The Ultimate Guide to Exploring Salento Colombia
Everything you need to know about traveling in Salento Colombia
There is nothing but hype surrounding Colombia as a travel destination these days; with its colourful spirit, dancing people, and striking topography, it is no wonder it has become such a travellers paradise. Taking a moment to step away from the hustle and bustle of the big innovative cities of Medellin and Bogota, my heart tends to lay in more rural areas, more specifically, with a little town called Salento.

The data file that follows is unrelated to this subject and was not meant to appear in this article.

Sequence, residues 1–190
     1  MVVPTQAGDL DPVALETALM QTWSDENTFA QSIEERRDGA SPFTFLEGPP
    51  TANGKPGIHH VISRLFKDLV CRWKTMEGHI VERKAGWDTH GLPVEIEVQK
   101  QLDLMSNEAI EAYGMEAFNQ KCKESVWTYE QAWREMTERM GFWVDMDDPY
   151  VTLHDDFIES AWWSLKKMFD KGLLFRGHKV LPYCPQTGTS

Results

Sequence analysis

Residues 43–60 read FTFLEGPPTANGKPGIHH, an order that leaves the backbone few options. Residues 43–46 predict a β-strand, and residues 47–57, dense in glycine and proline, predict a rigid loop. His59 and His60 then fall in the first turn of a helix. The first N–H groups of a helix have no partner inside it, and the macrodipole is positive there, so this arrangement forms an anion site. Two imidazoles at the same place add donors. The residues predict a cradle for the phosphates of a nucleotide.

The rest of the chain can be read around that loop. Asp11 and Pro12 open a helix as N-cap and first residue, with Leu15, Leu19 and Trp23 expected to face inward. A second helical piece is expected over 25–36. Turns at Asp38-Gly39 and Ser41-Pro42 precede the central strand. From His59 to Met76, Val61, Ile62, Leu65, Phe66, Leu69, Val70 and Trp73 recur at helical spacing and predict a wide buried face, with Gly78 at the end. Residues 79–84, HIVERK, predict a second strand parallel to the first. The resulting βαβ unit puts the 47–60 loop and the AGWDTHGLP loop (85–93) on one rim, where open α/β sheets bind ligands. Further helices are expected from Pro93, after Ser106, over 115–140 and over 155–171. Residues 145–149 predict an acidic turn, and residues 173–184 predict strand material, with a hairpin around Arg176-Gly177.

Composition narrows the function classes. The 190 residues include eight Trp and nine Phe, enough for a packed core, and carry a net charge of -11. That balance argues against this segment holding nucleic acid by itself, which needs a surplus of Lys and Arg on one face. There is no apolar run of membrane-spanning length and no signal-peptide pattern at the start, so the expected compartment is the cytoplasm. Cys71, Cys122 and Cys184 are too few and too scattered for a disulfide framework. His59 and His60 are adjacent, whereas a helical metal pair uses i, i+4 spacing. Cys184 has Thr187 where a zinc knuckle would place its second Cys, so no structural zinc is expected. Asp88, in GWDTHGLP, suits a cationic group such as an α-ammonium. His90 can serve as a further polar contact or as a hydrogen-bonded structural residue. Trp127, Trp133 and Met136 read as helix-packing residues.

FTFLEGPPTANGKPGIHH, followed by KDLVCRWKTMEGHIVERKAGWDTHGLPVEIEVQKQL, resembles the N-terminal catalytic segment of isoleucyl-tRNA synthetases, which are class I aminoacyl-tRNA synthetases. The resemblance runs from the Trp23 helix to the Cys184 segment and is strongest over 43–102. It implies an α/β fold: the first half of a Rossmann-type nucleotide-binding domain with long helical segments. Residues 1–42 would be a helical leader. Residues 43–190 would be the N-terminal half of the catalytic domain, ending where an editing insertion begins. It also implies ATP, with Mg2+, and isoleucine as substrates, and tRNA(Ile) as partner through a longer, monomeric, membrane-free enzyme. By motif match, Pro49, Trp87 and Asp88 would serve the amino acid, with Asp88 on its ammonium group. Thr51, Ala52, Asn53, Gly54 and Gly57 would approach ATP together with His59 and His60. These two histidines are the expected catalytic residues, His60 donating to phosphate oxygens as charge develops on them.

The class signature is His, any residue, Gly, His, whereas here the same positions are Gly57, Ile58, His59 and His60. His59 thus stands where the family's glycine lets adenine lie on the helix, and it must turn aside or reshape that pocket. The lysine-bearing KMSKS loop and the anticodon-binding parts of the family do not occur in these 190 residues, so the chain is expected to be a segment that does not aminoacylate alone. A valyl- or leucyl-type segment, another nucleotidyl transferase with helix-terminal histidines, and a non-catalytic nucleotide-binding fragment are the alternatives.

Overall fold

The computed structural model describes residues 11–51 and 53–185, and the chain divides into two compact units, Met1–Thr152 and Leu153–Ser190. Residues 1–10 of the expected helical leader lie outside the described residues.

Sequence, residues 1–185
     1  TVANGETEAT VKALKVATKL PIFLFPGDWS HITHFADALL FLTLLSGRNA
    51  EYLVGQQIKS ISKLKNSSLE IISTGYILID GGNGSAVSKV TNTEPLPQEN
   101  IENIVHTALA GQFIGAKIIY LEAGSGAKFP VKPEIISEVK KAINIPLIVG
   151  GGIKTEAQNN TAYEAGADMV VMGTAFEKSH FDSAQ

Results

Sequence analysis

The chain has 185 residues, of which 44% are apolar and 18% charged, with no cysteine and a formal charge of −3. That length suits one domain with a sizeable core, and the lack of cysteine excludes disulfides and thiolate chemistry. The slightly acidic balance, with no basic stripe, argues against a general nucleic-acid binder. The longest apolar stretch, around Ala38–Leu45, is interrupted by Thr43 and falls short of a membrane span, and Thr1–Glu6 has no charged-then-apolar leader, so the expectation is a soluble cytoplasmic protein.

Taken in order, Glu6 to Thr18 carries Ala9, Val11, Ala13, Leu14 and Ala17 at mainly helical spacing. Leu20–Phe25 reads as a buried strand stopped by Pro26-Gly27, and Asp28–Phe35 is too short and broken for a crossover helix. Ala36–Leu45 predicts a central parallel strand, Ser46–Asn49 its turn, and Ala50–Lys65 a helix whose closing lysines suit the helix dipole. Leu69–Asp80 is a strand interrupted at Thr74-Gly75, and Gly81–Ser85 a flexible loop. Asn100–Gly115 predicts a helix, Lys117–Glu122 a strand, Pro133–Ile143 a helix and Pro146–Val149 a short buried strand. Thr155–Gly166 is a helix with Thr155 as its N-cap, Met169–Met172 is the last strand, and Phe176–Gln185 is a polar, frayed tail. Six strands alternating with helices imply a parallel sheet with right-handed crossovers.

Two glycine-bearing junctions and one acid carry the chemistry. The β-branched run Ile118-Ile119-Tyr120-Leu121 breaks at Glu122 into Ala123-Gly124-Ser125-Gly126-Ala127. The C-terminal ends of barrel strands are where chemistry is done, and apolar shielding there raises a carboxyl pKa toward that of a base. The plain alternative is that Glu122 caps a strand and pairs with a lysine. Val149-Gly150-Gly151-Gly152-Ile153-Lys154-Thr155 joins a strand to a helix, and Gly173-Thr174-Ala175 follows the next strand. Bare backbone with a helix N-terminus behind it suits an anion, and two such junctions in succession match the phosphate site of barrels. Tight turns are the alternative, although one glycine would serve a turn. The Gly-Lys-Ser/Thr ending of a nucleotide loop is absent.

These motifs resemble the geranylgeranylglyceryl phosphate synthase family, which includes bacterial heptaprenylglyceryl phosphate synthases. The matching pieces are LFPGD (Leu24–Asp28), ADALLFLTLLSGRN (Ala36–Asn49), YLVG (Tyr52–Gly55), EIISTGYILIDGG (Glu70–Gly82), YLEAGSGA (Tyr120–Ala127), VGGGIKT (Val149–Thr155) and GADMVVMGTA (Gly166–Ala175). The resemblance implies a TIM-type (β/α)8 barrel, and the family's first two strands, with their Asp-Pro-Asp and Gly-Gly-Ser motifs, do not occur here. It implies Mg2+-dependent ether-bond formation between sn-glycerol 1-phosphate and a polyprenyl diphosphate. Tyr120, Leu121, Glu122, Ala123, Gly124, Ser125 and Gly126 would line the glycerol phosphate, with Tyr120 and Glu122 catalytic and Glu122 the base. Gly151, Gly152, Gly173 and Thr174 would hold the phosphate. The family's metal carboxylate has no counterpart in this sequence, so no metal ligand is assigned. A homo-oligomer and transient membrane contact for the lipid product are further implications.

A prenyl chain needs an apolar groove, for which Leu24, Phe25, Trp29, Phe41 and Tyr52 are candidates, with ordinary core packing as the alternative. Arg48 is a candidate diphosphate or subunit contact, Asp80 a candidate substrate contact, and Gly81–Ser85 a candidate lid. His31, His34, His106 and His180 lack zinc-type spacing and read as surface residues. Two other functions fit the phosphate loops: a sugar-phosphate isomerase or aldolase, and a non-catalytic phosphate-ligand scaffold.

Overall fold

Salento Colombia lies in the middle of the coffee region. Everything you see in Salento is lush, green, and full of growth. Salento is a sleepy little town…you know, the kind with hammocks swaying in the wind and reggae music playing in the background. It is no wonder that backpackers fall in love with this place. This is a place where you come to relax, enjoy nature, take a walk, sip coffee, and really enjoy Colombia and it’s cowboy culture. The sleepy, safe, and relaxed atmosphere of Salento really makes this town a super attractive destination for travellers alike.
What to do in Salento Colombia
Go Hiking in the Valle de Cocora